Battle Ground Public Schools’ Instructional Coach Meredith Gannon has won the prestigious Presidential Award for Excellence in Mathematics and Science Teaching (PAEMST). The award, which is administered by the National Science Foundation, is the highest national honor that a teacher can receive.
“I am honored to receive the Presidential Award, as it serves as an affirmation of the work I have done to advance environmental education in my community,” Gannon said. “This award is a recognition of the support and professional growth provided to me by my students, colleagues, and family members.”
Gannon will receive a $10,000 award and a commemorative Presidential certificate at a recognition ceremony in Washington, D.C. While there, she’ll have the opportunity to meet with fellow STEM (Science, Technology, Engineering and Math) educators, researchers and policy leaders.
Gannon is an instructional coach at Tukes Valley Primary, where she helps teachers to incorporate the most effective teaching methods into their instructional practices. Prior to her work at Tukes Valley, Gannon was as an instructional coach at Glenwood Heights Primary School and Maple Grove K–8 School. She also spent 10 years teaching at Sacajawea Elementary School for Vancouver Public Schools, which is where she worked when she was nominated for the Presidential Award.
As a third generation teacher, Gannon said that teaching is part of her DNA. After completing an undergraduate degree in political science, Gannon worked in the private sector for several years, logging tens of thousands of air travel miles every year. But she found the experience of constant travel and sitting at a desk unfulfilling, she said, and knew immediately that teaching would be her next career move.
In the classroom, Gannon prefers leading students in hands-on projects versus using traditional teaching methods. She often pulls the outdoors into her lessons, for example taking advantage of a local stream where students test water quality, examine macroinvertebrates, and observe environmental changes.
“Using outdoor learning, I strive to help students make strong personal connections with the natural world and empower them to use their knowledge and skills to make positive contributions to our society,” Gannon said.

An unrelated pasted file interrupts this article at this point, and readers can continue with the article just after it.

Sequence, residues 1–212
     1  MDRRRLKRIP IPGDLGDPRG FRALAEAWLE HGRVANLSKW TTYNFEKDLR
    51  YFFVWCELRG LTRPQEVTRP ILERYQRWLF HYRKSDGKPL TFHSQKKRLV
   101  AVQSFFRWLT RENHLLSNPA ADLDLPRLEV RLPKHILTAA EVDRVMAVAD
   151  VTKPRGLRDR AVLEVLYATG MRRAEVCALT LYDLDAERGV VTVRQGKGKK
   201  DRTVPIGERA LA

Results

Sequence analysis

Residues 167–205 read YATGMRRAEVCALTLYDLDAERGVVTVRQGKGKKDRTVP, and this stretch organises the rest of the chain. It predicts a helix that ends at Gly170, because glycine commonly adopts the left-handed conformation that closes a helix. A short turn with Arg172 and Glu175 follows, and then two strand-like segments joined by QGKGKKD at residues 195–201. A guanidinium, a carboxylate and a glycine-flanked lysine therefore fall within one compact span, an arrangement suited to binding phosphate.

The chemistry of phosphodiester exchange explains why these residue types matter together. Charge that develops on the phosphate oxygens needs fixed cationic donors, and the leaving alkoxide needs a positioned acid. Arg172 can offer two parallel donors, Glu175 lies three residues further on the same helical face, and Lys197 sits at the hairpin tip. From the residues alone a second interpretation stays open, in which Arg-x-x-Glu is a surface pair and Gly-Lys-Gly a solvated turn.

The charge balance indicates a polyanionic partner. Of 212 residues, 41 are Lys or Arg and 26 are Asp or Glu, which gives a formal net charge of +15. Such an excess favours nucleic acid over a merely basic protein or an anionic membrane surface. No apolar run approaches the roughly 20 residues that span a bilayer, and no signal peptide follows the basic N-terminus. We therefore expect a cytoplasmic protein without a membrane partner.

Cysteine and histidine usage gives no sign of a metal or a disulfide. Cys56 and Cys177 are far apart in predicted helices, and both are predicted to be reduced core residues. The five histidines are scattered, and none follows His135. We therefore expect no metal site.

Her students have presented their findings at Watershed Congress, a City of Vancouver event that focuses on education, discovery and stewardship. Gannon also has coordinated Salmon in the Classroom programs and field work opportunities. While working as a teacher at Sacajawea Elementary, she coordinated the implementation of a solar panel array through her Solar 4R Schools Grant.
Gannon’s passion for teaching is contagious. In fact, her husband decided to follow in her footsteps, abandoning his previous career in favor of becoming a fourth grade teacher.
Gannon has a B.S. in political science from Santa Clara University and a master’s degree in teaching in elementary education from Washington State University Vancouver. She is a National Board Certified Middle Childhood Generalist.
To date, Gannon’s other awards include the Amgen Award for Science Teaching Excellence and two local Teacher of the Year awards. As Sacajawea Elementary’s Green Team advisor, she received the Department of Education Green Ribbon School Award and five Washington Green School Awards. She has also worked as an author of Washington’s learning standards for Environmental and Sustainability Education.